Are you wondering what medical writing is?
I also get this question every time I tell people what I do. In essence, here I explain it to you.
Writing documents for medical and healthcare projects
First of all, medical writing is about communicating health and scientific knowledge through texts.
At the same time, for some medical writers like me, it is the answer to bringing together two different worlds:
- science and
Did you already notice that the spread of biomedical data is today a growing trend?
As a result of this tendency, awareness of the quality and communication potential of each piece of information has increased dramatically in all sectors.
Where do you find medical content? Correspondingly, all over the healthcare sector:
- from regulatory documents of the pharma industry
- to patient info brochures
- and healthcare related web pages or news.
The term medical writing includes a very very vast scope of texts
In short, imagine it as a palette of tones: instead of colours you have types of texts.
On one end of the palette,
- protocols of a clinical trial,
- clinical study reports
- or investigator brochures and other regulatory documentation.
On the other end,
- a blog post about the impact of CRISPR/Cas9 technology on your daily life (pardon me, you said what? This is a new gene modification technique that we can talk about later),
- the About page of a biotech startup
- or the new catchword for the webpage of a fertility clinic (what would you say that is both direct and sensitive at the same time?).
While the term “medical writer” is commonly used to refer to professionals producing regulatory documents, there are far more roles a medical writer undertakes.
Therefore, the type of content depends on who will be reading the lines and why:
- reviewers with a high technical background,
- or healthcare practitioners like physicians or nurses
- and extending on to patients, and the general public.
Yet all these different roles have common requirements for the writer: scientific and communication expertise.
Medical writers are scientists with writing skills or journalists interested in health issues
Most of all, medical writers are specialised writers.
It is worth noting that all backgrounds are valid, and almost all areas of expertise add value to the scripts. Therefore, these skills create the niche of the writer.
As a result, the scope of projects in which a medical writer can take part is enormously extensive, and the skills required depend on each of them.
But generally speaking, a medical writer needs some particular skills. Can you identify yourself with them? Here they are:
- Understanding of human physiology.
- High knowledge of diseases and their treatments.
- Good interpersonal skills.
- High level of English.
- Analytical mindset.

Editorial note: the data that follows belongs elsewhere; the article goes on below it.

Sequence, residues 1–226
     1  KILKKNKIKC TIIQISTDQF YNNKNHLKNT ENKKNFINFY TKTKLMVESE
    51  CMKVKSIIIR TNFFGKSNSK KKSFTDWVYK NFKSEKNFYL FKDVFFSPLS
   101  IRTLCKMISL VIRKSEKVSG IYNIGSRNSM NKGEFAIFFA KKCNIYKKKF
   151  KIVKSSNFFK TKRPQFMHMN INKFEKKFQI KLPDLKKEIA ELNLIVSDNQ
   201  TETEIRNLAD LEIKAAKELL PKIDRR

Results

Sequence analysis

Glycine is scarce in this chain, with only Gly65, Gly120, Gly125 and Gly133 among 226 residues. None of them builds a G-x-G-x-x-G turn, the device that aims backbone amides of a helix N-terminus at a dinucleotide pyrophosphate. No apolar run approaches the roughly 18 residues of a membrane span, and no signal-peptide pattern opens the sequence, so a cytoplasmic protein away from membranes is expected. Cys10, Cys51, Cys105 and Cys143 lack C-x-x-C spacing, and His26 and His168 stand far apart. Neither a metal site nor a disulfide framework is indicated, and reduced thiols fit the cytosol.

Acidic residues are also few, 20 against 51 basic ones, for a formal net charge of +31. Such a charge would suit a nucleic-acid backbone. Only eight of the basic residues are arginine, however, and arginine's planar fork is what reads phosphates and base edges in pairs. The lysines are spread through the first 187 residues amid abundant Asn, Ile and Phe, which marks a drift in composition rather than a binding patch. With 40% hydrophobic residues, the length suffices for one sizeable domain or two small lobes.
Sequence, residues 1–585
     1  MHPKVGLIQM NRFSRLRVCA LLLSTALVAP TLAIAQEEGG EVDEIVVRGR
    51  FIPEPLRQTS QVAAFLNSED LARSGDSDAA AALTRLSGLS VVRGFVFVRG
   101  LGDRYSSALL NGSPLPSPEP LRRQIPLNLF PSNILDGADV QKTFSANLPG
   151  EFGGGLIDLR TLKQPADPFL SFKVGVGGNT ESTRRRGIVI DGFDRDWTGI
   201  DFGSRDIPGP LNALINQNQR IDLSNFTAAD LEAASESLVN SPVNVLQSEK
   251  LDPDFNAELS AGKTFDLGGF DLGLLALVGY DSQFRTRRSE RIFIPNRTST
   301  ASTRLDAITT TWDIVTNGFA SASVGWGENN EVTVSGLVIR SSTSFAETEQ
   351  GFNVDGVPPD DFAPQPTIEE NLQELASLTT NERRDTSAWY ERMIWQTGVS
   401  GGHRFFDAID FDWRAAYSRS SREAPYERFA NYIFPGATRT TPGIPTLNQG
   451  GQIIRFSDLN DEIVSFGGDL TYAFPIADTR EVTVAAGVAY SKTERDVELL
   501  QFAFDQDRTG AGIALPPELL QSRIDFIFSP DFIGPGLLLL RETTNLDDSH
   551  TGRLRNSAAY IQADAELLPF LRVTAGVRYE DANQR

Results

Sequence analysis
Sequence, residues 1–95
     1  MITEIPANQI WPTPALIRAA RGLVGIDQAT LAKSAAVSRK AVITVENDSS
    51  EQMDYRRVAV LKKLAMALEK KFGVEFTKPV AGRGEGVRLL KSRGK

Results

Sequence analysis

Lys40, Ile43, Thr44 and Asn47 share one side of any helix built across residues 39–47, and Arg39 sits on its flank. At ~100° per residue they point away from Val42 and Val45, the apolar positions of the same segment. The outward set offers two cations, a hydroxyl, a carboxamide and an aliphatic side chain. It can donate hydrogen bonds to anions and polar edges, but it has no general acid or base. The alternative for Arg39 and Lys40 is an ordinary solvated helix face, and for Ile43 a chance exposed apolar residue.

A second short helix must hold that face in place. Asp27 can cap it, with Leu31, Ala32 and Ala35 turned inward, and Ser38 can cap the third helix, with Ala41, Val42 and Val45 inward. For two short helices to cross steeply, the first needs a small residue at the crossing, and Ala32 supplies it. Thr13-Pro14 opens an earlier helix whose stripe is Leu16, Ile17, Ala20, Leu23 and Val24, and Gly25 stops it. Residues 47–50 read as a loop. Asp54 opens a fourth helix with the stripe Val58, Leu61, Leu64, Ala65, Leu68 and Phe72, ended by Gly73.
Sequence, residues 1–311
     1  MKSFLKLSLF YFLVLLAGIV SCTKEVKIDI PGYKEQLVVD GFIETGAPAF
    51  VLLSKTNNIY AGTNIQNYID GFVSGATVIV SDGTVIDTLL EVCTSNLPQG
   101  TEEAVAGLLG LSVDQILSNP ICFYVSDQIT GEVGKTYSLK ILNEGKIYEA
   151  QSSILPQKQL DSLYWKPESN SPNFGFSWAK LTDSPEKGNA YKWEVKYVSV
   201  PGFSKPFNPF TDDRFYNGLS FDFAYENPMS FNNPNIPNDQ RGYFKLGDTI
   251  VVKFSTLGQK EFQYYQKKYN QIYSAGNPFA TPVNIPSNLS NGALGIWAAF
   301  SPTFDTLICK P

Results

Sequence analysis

- Excellent attention to detail.
- Good writing abilities.
Medical writers are people managers, idea miners, mediators, communicators and document wizards.
Julia Forjanic Klapproth, Medical Writing: The Backbone of Medical Development.
Research and communication skills do not always come together
Personally, I have spent the last 15 years in the “scientifically rigorous” part of the palette.
As a matter of fact, academic papers come naturally to me, and I understand and enjoy the scientific slang.
As a scientist, you get trained in serious technical and analytical skills. Consequently, communication is often a byproduct of presenting and publishing your research.
Interestingly, it seems like one of the most common misunderstandings is that everyone can write.
So, who can be a good medical writer?
Overall these are the top 2 ingredients for wonderful writing:
- practice and
Consequently, it is worth investing in training and working with specialised professionals.
Luckily, there are plenty of training courses to increase communication skills or to deepen the understanding of medical issues.
Good news! Career expectations for medical writers are increasingly good
Especially relevant, these 3 trends are boosting the demand for medical writers:
- the ever-expanding digital universe,
- the democratisation of knowledge
- and the current growth of “open source” scientific knowledge.
Not to mention the increasing regulatory requirements of the pharma industry.
The need for good intermediates between the sea of scientific data and the public is growing exponentially.
And as varied as the projects are, so are the employment opportunities.
Where do medical writers work?
- Pharmaceutical industry
- Clinical research organisations (CROs)
- Communications and medical writing agencies
- Nutrition industry
- Biotech start-ups
- Healthcare related websites and organisations
- Governmental Organisations
- Non-profit organisations
In addition, these can be either office-based as well as home-based, employed or as a freelancer. All options are possible.
The essential mission of medical writing is to improve people’s health
- From working towards the approval of new medicines and therapies,
- or raising awareness in medical staff about a newly approved drug
- to inspiring changes in old habits to encourage healthier lives.
In conclusion, medical writers can be the game changers in how medical and scientific knowledge impact people’s lives.
This is because ultimately medical writing is all about handing answers to health concerns to the people that need them.
And this is a goal worth waking up for every day.
Now, what do you think? Do you consider medical writing could probably be a career choice for you? Maybe now you will see medical communications with different eyes. Tell me about it!
- IFLA Trend Report 2017
- Broad-spectrum medical writer: Nature or nurture? (McIntosh, 2009)
- Image Source: A Career Guide to Medical Writing. EMWA. Sally Jackson and Raquel Billiones 2016
- Medical Writing: The Backbone of Medical Development. Special edition of International Clinical Trials (ICT) February 2017